2 cases of African swine fever detected in BelgiumStaff Writer | September 14, 2018
Two cases of African swine fever have been detected in wild boars found recently dead in the Belgian region of Wallonia, in the municipality of Etalle in the province of Luxembourg, said a press release issued on Thursday by Afsca (Federal Agency for the Safety of the Food Chain) and the SPW (Public Service of Wallonia).
Europe Some field monitoring measures have been well implemented
However, to palliate the current virus from spreading, the SPW is preparing further measures to, inter alia, avoid the dispersal of wild boars from the infected zone as well as the provisions relating to hunting.
The disease has no impact on humans, but the spread of the virus still poses a great risk because there is currently no treatment or possible vaccination against the disease.
Belgium remains unscathed from the disease at the level of pig farms.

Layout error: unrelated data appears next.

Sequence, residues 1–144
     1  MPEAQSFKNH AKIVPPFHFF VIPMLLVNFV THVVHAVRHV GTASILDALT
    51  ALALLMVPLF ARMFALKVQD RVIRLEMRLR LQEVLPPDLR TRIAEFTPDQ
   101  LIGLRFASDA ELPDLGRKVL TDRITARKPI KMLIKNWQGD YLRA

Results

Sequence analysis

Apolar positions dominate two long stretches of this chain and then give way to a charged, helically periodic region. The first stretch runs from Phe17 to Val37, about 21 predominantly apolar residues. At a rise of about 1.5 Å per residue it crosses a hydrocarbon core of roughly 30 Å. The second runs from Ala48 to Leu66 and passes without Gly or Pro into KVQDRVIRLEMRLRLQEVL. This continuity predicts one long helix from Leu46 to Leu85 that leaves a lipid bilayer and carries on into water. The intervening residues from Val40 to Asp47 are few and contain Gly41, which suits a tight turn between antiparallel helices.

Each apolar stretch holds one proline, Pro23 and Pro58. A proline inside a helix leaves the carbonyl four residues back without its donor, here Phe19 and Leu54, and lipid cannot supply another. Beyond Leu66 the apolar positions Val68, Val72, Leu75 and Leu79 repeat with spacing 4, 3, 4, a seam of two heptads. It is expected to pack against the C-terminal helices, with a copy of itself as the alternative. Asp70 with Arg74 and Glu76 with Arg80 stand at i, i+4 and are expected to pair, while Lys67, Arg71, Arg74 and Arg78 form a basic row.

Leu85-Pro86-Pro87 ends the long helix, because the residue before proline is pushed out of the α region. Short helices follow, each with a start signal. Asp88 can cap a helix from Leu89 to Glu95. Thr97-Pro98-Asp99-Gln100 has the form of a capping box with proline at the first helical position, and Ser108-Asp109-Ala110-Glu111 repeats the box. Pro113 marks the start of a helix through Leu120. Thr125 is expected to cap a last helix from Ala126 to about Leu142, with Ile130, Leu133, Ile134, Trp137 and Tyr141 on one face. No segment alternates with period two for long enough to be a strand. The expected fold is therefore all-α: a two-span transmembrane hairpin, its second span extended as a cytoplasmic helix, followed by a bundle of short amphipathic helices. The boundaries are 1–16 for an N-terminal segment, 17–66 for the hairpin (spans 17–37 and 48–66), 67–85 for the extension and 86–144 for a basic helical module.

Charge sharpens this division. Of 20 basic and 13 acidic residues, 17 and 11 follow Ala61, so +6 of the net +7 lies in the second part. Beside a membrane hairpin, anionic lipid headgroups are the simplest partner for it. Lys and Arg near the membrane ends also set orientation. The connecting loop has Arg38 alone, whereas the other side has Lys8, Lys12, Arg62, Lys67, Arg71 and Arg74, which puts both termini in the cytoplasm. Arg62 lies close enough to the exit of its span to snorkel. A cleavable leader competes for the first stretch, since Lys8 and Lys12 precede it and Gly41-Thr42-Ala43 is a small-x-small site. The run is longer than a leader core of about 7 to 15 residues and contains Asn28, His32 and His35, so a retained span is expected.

"The fight against the disease is not a public health issue" because it is not contagious for humans, "but rather it is a challenge for animal health and economic sustainability," said Afsca and the SPW on Thursday in a joint statement.
This virus can be transmitted easily from one animal to another either through close contacts between individuals, or by contaminated equipment (transport equipment, boots, etc.) or via food remains carrying the virus and abandoned by humans.
The wild boars found dead in Wallonia were carriers of the African swine fever virus (ASFV). ASFV is native to Africa and has been present for several years in Eastern European countries, both in domestic pigs and wild boars.
In recent months, it has spread more rapidly and further west, affecting countries that were previously unscathed.
The SPW reminds everyone, in particular walkers and trek enthusiasts, to abide by the strict application of the forest code namely: the prohibition to leave the roads, roads and trails and the obligation to keep dogs on a leash. Specific information will be communicated to loggers in due course. ■